Alpena alum McDonald completes first marathon
Racheal McDonald has never been afraid to push herself when it comes to running.
So when it came time to find a new challenge, the Alpena High alumnus and former collegiate long-distance runner decided naturally decided to run a marathon.
Little did she know when she accomplished her goal of completing a marathon she would meet an even larger goal in the process.
McDonald finished the Holland Haven Marathon last month, finishing in 3:15.05. The time proved good enough for McDonald to qualify for the Boston Marathon, which she plans to run next year.
“I think the next step was that marathon and it was on my bucket list,” McDonald said. “I was like, ‘I’m going to do it and I’m in really good shape from the season,’ so I just continued training.”
McDonald finished her collegiate running career at Ferris State University earlier this year and found the marathon to be a different, but rewarding experience. The Holland Haven Marathon takes runners from Grand Haven to Holland along Lake Michigan and is one of the last chances for Michigan runners to qualify for the Boston Marathon.
McDonald is used to long distance races, but the marathon proved to be a new kind of challenge.
“A lot of people talk about how they hit that wall at like mile 20 and I somewhat hit it. I’m not used to that in races because your body hadn’t been through anything like that before,” McDonald said. “You just have to push through it. When you have six miles left after you’ve already gone 20 that seems so small. It was just getting past that wall and getting to the finish line.”
McDonald, who ran the race with her best friend, had her college coach and family members on hand for support and her parents stopped at every mile marker to cheer her on.
“I was really glad it went smoothly. There are so many things that can go wrong. For anyone that wants to do a marathon I recommend doing a smaller one,” McDonald said. “When you get to that starting line it can be a little intimidating knowing you have 26 miles to go, but the people we ran with encouraged us.”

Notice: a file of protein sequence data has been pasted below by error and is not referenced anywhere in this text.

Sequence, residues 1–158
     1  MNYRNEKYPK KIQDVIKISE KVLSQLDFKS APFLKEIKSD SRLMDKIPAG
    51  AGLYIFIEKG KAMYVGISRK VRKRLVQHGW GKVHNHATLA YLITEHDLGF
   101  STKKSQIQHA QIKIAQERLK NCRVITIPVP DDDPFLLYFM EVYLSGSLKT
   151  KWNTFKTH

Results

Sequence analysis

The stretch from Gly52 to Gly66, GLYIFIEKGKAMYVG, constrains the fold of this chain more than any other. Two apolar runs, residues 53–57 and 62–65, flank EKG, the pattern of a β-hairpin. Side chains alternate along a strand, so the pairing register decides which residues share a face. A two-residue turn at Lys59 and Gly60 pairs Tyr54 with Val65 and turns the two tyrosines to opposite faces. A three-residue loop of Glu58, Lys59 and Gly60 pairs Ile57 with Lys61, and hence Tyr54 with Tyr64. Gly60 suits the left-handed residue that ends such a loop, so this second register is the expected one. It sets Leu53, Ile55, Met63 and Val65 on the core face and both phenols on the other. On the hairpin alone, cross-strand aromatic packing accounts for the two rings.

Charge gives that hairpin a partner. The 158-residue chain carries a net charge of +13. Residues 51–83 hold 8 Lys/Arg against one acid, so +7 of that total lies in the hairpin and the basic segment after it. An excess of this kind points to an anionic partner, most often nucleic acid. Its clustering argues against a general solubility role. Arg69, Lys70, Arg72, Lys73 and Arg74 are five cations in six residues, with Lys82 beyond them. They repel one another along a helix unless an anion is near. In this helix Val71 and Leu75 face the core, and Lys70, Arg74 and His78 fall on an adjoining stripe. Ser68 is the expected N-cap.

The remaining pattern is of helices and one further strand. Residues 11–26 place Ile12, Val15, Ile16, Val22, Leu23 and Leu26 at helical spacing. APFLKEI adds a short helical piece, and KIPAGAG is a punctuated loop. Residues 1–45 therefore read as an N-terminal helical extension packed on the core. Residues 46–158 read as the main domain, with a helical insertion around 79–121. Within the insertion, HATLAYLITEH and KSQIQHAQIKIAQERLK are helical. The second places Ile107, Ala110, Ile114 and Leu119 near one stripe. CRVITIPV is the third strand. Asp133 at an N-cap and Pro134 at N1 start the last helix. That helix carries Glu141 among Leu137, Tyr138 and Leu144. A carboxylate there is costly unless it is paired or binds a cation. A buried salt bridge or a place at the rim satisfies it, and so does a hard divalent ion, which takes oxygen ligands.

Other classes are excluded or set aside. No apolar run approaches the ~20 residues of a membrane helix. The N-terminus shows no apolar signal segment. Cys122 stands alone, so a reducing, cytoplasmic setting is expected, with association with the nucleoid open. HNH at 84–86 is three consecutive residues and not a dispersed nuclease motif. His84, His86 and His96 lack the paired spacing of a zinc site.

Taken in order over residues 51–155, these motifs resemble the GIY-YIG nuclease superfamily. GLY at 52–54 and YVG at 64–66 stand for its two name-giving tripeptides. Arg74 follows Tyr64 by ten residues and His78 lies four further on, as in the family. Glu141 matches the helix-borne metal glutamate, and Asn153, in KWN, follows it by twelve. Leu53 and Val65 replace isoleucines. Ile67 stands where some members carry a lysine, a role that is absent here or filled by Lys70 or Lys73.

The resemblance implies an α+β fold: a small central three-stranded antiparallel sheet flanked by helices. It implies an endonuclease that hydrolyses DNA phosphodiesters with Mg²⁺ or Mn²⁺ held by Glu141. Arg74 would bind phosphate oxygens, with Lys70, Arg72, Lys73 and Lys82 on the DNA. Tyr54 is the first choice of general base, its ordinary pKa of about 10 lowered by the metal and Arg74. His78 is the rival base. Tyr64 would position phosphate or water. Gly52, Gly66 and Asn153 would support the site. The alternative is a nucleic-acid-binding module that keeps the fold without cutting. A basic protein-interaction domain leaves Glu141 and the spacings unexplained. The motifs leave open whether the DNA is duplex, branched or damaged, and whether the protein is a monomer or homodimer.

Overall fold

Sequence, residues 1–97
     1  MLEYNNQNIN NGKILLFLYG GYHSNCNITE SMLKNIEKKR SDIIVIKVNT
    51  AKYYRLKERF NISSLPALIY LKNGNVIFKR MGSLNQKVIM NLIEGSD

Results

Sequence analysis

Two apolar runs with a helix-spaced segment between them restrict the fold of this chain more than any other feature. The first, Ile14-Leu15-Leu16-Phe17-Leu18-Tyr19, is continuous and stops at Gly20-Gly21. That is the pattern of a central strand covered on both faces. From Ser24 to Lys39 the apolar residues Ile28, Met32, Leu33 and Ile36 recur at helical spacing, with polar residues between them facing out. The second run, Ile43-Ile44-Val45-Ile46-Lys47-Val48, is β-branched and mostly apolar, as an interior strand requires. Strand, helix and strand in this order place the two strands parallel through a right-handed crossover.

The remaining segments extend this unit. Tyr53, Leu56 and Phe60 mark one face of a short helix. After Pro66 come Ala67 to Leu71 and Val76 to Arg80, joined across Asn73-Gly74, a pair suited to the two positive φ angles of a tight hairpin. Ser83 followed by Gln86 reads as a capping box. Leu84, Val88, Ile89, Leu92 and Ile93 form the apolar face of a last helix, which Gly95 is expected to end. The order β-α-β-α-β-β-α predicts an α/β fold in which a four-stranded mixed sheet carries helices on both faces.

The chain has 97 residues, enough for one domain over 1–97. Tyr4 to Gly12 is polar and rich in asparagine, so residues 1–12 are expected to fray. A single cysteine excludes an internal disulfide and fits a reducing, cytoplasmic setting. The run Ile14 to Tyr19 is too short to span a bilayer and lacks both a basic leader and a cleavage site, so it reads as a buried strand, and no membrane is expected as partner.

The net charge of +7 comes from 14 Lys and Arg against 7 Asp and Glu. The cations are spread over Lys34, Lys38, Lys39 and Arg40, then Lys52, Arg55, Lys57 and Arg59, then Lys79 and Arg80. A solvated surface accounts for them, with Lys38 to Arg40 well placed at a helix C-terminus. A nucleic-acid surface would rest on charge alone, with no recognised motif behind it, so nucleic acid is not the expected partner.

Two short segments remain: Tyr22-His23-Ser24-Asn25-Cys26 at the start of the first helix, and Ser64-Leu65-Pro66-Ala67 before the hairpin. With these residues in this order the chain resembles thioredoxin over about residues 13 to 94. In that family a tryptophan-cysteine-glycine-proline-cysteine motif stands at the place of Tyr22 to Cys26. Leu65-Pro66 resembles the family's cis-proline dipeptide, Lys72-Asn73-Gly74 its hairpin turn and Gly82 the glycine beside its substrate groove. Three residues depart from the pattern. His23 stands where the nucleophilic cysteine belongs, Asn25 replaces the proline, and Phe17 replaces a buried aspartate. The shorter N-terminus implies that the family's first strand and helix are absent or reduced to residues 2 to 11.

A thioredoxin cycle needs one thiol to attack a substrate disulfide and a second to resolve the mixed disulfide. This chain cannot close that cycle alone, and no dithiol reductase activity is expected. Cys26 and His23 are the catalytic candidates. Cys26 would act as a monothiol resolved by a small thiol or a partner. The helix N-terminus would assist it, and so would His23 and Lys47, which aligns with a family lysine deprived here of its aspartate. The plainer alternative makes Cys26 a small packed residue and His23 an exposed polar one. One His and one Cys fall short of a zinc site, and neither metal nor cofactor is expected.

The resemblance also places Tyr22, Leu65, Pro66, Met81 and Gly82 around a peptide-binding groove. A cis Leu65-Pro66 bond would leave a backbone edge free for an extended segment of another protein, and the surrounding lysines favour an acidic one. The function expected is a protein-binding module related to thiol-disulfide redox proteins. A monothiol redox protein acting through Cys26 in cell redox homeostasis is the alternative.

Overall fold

Runners qualify for the Boston Marathon by age group and McDonald, 22, cleared the qualifying time of 3:35.
The history of Boston’s race, which draws 30,000 runners annually and has been held since 1897, attracted McDonald to competing and she’ll run in the marathon next April.
“I think because when people hear the Boston Marathon it’s just what people think of with marathons. I know the Chicago Marathon is huge and the New York Marathon (is big) and then Berlin if you go international,” McDonald said. “I think there’s such a rich history with the Boston Marathon. It’s kind of the one everybody strives to do.”
Completing a marathon and qualifying to compete in another is the latest goal accomplished by McDonald, who developed a strong work ethic in high school running alongside the likes of Kelsey Lewis, Elaine Lowe and Amanda Dort who all went on to run collegiately.
She entered Ferris’ program as a walk-on and struggled initially. But she trusted her training and followed her coach’s program to get faster every season as she competed in cross country, indoor and outdoor track.
Eventually she was offered a scholarship and became one of the Bulldogs’ best runners. In May she won the women’s 10,000 meter race at the Great Lakes Intercollegiate Athletic Conference Championships, finishing in 35:48.92.
McDonald, who recently started in a full-time hospitality management position with the American Academy of Pediatrics, isn’t sure what the future holds for her after Boston, but she’s happy that hard work led her to a successful college career and to accomplish two of her biggest goals in running.
“Individually, I wasn’t a huge standout and I was ok with that. I went in with the intention of working hard and I knew I was a hard worker,” McDonald said.
James Andersen can be reached via email at email@example.com or by phone at 358-5694. Follow James on Twitter @ja_alpenanews.